Does it seem like it’s taking longer than normal for those container loads of tires that you’ve ordered from Asia to arrive? Well, that’s because it is – thanks to what some are calling “a perfect storm” of interconnected events that have constrained shipping capacity coming out of that region.
Tire manufacturers, tire distributors and tire dealers throughout North America have been struggling with the knock-on effect of this scenario since last year. And we’re still in choppy waters.
Here’s what happened, according to Martin Dixon, director of research products for Drewry, a leading provider of research and consulting services to the shipping industry, with offices in the United Kingdom, India, Singapore and China.
“Volumes shipped by retailers and manufacturers collapsed during the first half of 2020 and inventories were run down as the global economy shut down in response to the COVID-19 outbreak,” he says.
Shipping lines responded to severely reduced demand by slashing their vessel capacity.
“This had the side effect of disrupting the recycling of empty shipping containers from key destination areas, such as North America and Europe, back to origin centers” in southeast Asia.
Then the North American economy experienced a sharp, earlier-than-anticipated rebound as the third quarter began.
Rising demand coupled with already-reduced shipping capacity soon “bottlenecked the entire supply chain,” according to Ron Papcun, senior vice president of operations for Sumitomo Rubber North America Inc.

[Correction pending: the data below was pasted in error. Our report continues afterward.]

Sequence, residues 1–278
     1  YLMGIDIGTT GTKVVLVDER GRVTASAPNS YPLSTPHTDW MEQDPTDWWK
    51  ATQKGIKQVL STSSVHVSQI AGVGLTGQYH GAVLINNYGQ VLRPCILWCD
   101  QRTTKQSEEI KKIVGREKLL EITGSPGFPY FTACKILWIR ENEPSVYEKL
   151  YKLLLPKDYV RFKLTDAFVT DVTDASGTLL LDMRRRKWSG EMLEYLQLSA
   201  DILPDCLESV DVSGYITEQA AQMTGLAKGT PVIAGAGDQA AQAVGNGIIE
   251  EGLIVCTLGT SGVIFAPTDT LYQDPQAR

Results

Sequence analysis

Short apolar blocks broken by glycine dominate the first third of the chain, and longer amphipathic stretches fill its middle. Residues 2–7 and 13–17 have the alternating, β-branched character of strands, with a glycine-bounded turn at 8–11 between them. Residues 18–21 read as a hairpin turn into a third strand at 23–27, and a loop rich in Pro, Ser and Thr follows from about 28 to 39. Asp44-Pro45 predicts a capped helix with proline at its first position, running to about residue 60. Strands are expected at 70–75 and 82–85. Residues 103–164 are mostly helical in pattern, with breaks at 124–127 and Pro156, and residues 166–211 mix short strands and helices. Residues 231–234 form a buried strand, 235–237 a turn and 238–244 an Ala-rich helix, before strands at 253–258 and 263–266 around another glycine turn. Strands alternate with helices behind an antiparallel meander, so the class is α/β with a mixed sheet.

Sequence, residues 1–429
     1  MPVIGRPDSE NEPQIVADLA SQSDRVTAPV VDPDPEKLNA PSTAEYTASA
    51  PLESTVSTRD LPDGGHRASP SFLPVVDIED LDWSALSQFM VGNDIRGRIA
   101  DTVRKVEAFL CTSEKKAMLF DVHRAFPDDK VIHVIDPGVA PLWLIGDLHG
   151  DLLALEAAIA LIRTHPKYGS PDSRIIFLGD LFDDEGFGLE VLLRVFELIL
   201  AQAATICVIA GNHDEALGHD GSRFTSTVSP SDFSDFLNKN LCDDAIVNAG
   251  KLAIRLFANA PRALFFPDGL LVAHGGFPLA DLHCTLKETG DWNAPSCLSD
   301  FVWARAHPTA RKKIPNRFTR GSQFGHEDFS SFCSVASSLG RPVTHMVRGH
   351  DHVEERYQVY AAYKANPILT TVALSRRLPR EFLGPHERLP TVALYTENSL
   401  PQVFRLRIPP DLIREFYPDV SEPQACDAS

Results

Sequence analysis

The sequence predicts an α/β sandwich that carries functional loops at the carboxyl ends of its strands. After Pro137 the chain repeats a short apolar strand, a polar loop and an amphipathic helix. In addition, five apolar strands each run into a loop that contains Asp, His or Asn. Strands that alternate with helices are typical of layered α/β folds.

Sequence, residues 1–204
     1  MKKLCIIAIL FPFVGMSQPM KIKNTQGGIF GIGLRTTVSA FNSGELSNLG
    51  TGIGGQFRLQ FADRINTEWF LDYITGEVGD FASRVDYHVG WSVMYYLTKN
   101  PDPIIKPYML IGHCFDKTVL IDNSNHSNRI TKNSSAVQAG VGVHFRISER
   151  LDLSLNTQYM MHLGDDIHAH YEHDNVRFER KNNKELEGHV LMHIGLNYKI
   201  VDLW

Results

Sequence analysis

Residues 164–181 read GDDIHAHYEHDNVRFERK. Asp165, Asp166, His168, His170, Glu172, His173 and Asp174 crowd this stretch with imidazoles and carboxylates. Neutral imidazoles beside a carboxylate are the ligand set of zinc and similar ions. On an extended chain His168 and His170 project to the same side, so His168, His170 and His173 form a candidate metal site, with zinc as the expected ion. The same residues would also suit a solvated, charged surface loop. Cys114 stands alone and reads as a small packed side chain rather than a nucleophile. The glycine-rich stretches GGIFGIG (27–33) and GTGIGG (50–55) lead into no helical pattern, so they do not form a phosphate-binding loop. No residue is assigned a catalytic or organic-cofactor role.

The problem was compounded by “the seasonal holiday surge we see every year,” he says.
And what a surge it was.
The Port of Los Angeles reported that a late-year spike in consumer demand helped boost its “volumes to near-2019 levels, making 2020 the fourth highest-volume year” in the operation’s history.
During the week before Christmas, the port, which is the biggest in the U.S., handled nearly 95% more traffic than it processed during the same period in 2019.
The net result of these developments was “a significant container imbalance,” made worse by North American port operators’ inability to respond quickly to the situation, which ultimately had “two significant effects,” according to Papcun.
“One was delays in getting inventory from Asia” – in some instances, anywhere from two to four weeks.
“In the U.S. – between the independent tire dealer, the tire wholesaler and the tire manufacturer – there is typically a lot of buffer inventory in the pipeline. But a lot of that has been depleted.
“The other thing is that rates to ship products over here from Asia are skyrocketing,” says Papcun. “They are at a five-year high.”
According to the Freightos Baltic Daily Index, in early-January, Asia-to-West Coast shipping rates hit a historic apex of $4,189 per 40-foot container.
“And in particular, spot market rates are surging.”
Where does this leave tire dealers and distributors who are caught in the middle?
Papcun says there are steps you can take to help mitigate the ongoing impact.
“Diversifying your supply base is a good idea, if you can afford to do that. And if you can, take on additional safety stock.”
Most importantly, know that the situation will improve. “There’s always a lag and then there’s an over-reaction, but I would guess that during the second quarter, things will start to normalize,” says Papcun.
Drewry’s Dixon agrees. “We expect capacity constraints to recede through the second quarter, which will lead to a decline in spot freight rates from current highs,” he says.
“The container equipment availability shortage is temporary. We expect this situation to right itself as supply chains and carrier schedules normalize, assisted by a seasonal slowdown in trade” after the Chinese new year holiday in February.
So don’t “give up the ship.” Relief is on the way, hopefully sooner than later.